PSFK Conference Speaker Interview: Chris Riley
Apple's ex-Head of Planning previews his thoughts on the power of social media and the future of traditional media.
Chris Riley will be one of the speakers at our upcoming PSFK CONFERENCE SF 2011. Chris, founder of Studioriley, was head of strategic planning at Wieden + Kennedy, the global ad agency known for its creative focus, between 1990 and 2005. After that, he moved on to be strategic planning director in Apple’s graphic design and marketing communication group until 2010. Between W+K and Apple, he established Studioriley as a place to develop innovative and culturally provocative communication strategies. In anticipation of his talk on the impact of social media at tge PSFK CONFERENCE SAN FRANCISCO, we bring you a few thoughts from Chris:
Do you think social media has the power to change the world?
Of course. Every media evolution changes the world. Print changed the world, radio changed the world, television changed the world, now social media is changing the world. The big difference between these past evolutions and this one is the flatness of this media. Each previous medium was expensive and complex ultimately leading to it being controlled by the powerful, typically the financially powerful in democratic countries and governments in non democratic countries. Social media does not favor the powerful, it favors the powerless as we have seen in the Arab countries this last year. Of course powerful elites will move to control social media because it threatens their power, we saw this in Syria, Libya and even the UK as David Cameron moved to control social media in response to the London riots.
Television focused power in the hands of a few with a limited narrative range. Social media is in the hands of many with a far broader, possibly infinite, narrative range. This is good and bad news of course since lies and truth travel equally well in social media.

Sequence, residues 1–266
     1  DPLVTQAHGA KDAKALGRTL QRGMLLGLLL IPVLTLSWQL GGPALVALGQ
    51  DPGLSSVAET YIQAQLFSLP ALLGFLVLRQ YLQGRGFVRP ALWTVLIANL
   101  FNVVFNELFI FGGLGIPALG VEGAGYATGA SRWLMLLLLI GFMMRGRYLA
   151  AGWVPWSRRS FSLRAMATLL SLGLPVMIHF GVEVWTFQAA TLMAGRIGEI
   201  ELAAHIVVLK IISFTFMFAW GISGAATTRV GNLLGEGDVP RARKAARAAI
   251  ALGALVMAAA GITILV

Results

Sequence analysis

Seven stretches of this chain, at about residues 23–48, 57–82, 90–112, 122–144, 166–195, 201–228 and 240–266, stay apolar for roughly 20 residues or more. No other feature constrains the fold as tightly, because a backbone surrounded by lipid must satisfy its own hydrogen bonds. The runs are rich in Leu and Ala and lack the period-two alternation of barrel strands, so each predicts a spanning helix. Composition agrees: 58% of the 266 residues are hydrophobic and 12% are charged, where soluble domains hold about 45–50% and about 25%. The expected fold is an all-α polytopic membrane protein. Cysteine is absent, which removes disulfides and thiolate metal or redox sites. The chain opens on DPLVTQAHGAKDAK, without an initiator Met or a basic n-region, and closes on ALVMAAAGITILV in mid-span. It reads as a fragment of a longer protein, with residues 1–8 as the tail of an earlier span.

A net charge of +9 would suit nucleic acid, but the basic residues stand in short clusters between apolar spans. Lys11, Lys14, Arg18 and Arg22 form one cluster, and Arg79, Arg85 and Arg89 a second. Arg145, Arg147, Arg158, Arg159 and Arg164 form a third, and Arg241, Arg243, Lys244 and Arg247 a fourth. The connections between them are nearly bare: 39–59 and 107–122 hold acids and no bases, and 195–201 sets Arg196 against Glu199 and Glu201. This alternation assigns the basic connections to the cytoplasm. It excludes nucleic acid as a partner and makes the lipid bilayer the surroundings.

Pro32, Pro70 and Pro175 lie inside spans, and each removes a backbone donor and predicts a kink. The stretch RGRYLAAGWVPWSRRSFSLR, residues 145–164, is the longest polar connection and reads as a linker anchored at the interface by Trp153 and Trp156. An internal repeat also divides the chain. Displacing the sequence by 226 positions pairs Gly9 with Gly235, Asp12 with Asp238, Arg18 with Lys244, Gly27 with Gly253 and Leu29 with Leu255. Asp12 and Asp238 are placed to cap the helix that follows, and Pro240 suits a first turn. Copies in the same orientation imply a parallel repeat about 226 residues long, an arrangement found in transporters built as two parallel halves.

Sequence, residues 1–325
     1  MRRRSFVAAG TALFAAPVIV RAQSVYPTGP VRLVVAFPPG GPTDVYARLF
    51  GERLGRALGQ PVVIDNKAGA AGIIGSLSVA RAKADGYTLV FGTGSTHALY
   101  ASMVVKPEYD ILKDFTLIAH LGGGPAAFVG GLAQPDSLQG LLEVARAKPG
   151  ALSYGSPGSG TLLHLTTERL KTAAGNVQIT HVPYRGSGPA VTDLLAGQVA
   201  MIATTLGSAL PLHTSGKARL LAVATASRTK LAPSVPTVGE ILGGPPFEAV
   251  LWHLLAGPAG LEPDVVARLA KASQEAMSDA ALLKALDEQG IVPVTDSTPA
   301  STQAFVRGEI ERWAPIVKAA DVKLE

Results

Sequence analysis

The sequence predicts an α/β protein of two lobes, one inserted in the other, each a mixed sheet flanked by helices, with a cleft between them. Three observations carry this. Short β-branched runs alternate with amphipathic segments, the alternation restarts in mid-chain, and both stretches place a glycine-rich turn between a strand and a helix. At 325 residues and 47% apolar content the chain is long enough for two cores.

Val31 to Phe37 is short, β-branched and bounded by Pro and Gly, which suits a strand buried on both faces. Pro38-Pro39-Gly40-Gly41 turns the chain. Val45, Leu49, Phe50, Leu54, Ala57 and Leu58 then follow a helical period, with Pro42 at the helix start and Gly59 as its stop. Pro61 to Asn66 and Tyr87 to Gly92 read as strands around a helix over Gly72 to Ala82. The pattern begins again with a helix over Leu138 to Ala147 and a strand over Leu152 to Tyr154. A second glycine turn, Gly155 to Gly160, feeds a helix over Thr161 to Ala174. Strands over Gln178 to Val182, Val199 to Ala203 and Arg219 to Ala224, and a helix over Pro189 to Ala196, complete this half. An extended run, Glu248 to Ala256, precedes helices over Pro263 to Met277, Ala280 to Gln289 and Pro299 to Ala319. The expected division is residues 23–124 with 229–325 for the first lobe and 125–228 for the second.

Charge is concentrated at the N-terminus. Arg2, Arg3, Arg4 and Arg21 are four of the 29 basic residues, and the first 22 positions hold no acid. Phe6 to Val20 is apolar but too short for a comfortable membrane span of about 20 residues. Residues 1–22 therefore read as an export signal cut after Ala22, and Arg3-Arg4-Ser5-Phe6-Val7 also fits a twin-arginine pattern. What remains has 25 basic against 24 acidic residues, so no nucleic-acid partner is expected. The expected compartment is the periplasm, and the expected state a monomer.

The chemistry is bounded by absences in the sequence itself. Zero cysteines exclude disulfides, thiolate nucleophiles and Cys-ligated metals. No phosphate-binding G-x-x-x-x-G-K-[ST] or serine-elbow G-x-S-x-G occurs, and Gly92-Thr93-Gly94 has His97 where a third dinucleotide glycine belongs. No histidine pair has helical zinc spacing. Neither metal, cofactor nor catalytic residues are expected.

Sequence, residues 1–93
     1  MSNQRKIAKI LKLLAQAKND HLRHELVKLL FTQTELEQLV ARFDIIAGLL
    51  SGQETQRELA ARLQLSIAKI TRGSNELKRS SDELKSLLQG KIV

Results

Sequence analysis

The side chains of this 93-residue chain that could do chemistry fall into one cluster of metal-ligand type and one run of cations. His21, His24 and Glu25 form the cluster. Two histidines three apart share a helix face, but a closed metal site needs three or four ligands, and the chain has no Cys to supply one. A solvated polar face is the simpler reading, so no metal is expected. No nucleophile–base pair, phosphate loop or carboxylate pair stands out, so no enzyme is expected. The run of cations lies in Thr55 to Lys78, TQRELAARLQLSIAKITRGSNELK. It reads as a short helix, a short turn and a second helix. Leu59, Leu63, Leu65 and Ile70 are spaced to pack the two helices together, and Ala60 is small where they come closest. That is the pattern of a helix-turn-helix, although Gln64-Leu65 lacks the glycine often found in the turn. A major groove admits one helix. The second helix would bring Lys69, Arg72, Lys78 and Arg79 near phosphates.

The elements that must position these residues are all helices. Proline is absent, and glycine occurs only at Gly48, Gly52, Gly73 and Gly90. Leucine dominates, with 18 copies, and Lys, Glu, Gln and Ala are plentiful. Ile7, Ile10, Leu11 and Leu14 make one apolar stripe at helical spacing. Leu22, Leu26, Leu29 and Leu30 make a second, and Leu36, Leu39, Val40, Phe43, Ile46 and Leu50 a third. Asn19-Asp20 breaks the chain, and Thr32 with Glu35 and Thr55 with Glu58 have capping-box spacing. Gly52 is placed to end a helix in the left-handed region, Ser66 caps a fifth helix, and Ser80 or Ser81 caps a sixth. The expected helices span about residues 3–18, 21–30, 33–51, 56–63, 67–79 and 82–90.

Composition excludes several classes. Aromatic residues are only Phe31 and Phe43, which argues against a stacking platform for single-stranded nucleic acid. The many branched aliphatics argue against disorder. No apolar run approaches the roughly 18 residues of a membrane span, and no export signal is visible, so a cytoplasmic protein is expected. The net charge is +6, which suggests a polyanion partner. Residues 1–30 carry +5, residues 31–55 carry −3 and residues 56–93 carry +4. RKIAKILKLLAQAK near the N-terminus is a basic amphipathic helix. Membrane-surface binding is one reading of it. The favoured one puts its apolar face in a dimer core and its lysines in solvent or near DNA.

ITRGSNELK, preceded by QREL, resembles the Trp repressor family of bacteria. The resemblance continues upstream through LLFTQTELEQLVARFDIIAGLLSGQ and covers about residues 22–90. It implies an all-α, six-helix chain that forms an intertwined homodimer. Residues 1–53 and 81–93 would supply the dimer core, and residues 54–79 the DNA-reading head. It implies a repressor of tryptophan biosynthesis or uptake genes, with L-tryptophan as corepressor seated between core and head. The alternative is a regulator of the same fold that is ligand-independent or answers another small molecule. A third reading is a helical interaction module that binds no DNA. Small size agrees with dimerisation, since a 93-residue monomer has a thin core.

Then there is this interesting fact that social media is the first truly global media format. Nations were born in the age of print and the written word. Regions were created in the age of TV. Social media is both universal and specific. It connects on a global level but also reflects ultra local perspectives. This is new and, I think, exciting.
How do you think the role of traditional media will evolve?
Most media survives the new media that comes along after it. People still listen to radio and watch television. They still even read magazines. But those media become a little more focused on the core qualities of the media itself rather than being the dominant media defining a universal narrative. Great television is still a wonderful story telling format that elicits great emotions. It still does sports really well, its still has the power to wrap an entire nation up into an event such as American Idol. It does not break news as well but it still is great for editorial as we see with Fox News. I think the two media, broadcast and social, will coexist in a very fertile way.
And then how does business fit in with all this?
All media is, ultimately, business. For years business has been economizing around scale. Today technology is enabling economies of small scale. So I think we will see many smaller businesses benefiting from social media’s ability to find customers and then help keep them. At the same time, social media holds the promise of enabling larger businesses to be more relevant than they were when restricted only to communications in print, radio and television. There seems to be more opportunity now. Social media is a new tool for communications, it enables greater interaction which is good for the most part. But at the same time it creates an illusion that people will be social about things that they were never social about before. I am a skeptic when it comes to the idea of creating communities, for example, around any product. Surely it only really works for products that we would like to have at the center of a social activity anyway. All this will, of course settle down, and social media will emerge as an important component of any good, well-considered and effective communication strategy.
What do brands do to be a positive element of this change?
Be truthful. The world has been through a period of spin doctoring. People are unhappy. People do not trust business or government. This is reflected in a paranoid economy grounded in fantasy rather than reality. I see this as a product of the age of television where we began to lead an inner life that was our own and an outer life defined by television fantasies. Social media has the power to bring reality to the fore. A product needs to perform well, not just have a good brand image in order to be recommended by friends. The hardest challenge facing marketers of brands and politics is to sell the truth. I am happy that the challenge is being brought out by social media.
Chris will be speaking at the PSFK CONFERENCE SAN FRANCISCO 2011. Come listen to like minds as they share their ideas to make things better on stage and off. Find out more about the full lineup of speakers at the PSFK CONFERENCE SF 2011 here.